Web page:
The Center for the Study of Culture, Race, and Ethnicity (CSCRE) delivers a curriculum focused primarily on the experiences of African-, Latino/a-, Asian-, and Native-American (ALANA) people in the U.S., who are marginalized, under-represented and/ or, misrepresented in the normative curriculum.  CSCRE also fosters critical dialogues on race through its Discussion Series* which brings several speakers, artists, and performers to Ithaca each year. This dual focus is meant to help students develop a comprehensive understanding of the multiracial and polycultural world in which we live.

*For more information on the Center's yearlong Discussion Series, please visit: www.ithaca.edu/cscre/CSCREDS/

CSCRE Minors:
The Center's minors in African Diaspora, Asian American, Latino/a, and Native American Studies cover a broad range of subjects, from the historically constructed and contested nature of individual identities to issues of cultural and historical representation, social justice, and struggles for racial redress.  When possible, courses rely on comparative and historical approaches and combine epistemological /theoretical concerns with an analysis of “real-life” problems so that students have a contextual knowledge of the issues they are studying.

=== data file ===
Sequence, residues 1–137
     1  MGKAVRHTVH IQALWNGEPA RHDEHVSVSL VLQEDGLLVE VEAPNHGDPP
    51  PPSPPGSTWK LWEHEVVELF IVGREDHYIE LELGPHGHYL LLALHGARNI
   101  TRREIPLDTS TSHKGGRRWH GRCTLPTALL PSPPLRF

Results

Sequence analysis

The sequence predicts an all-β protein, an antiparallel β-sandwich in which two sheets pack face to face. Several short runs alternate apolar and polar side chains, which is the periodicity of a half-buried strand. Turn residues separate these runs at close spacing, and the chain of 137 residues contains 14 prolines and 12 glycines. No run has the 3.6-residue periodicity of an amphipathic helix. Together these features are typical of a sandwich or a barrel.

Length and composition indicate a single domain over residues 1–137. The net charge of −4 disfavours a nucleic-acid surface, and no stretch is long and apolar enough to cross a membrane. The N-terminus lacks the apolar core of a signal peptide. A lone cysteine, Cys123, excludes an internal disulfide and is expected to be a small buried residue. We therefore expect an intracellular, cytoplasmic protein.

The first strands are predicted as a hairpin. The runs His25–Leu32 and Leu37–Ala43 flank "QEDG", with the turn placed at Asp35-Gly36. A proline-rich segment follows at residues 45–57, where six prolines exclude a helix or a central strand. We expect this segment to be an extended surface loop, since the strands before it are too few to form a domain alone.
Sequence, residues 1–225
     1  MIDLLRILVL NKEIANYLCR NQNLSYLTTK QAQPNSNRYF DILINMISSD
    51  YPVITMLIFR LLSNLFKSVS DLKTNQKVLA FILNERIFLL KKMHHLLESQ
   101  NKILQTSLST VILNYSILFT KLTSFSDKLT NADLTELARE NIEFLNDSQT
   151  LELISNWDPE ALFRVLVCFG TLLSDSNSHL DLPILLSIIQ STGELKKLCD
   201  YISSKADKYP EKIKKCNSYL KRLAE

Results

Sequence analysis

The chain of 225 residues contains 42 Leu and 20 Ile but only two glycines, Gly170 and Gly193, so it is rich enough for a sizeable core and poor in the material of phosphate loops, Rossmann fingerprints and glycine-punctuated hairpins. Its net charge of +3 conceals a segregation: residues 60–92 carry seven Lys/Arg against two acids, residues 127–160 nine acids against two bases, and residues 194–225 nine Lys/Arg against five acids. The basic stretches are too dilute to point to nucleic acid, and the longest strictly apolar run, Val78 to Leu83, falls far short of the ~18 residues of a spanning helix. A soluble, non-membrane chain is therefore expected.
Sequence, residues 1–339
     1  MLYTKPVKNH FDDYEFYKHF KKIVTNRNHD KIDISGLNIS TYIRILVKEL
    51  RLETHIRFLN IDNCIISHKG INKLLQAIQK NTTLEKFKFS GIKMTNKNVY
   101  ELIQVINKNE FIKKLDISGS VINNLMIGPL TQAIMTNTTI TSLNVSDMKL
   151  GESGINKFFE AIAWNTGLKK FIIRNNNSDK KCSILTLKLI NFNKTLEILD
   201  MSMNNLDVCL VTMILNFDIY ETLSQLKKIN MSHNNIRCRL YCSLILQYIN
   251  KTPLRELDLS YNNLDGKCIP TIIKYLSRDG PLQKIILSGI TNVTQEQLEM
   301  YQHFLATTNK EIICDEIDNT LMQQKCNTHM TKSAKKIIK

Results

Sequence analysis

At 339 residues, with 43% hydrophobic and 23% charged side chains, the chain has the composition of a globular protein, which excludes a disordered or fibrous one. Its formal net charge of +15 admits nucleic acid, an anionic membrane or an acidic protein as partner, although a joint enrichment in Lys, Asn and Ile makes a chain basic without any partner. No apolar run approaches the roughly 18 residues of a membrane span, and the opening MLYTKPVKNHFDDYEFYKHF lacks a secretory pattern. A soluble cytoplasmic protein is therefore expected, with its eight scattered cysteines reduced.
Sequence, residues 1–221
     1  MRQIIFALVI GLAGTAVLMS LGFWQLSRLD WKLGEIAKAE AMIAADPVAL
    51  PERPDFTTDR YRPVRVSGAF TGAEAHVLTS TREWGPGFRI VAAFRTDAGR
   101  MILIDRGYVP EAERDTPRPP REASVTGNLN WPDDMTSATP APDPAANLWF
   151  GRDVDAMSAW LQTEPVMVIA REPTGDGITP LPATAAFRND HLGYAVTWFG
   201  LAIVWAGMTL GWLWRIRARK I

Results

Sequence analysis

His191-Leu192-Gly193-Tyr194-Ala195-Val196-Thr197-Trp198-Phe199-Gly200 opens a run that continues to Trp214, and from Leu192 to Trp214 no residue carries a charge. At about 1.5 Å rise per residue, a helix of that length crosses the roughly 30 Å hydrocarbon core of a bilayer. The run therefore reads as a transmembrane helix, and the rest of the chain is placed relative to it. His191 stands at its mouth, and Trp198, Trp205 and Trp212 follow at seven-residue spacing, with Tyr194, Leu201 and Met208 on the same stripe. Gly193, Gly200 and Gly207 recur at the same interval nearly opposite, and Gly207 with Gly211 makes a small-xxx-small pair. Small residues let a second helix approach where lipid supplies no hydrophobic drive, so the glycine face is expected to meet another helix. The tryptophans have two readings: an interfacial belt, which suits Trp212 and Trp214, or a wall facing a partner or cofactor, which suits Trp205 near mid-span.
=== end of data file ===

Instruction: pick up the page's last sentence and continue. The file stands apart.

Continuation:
Requirements for the minors: six courses (*18 credit hours), two from Conceptual Frameworks and one each from the other four categories: Comparative and International, Culture and History, Policy and Praxis, and Power and Liberation.

* Native American Studies minors must take an additional 3 hours in a Capstone Experience category (21 credits).

Please click here for: Minors' Course Lists


The Center is pleased to announce the hiring of Dr. Michael Taylor for the 2015-2016 academic year. Dr. Taylor received a Ph.D. from Syracuse University in the Social Science Program and B.A, M.A. from SUNY Buffalo in Native American Studies. He specializes in Native American Studies and Anthropology, and in 2013 published his book, Contesting Constructed Indian-ness: The Intersection of the Frontier, Masculinity, and Whiteness in Native American Mascot Representations  (Lexington Books).

Courses Fall 2015:






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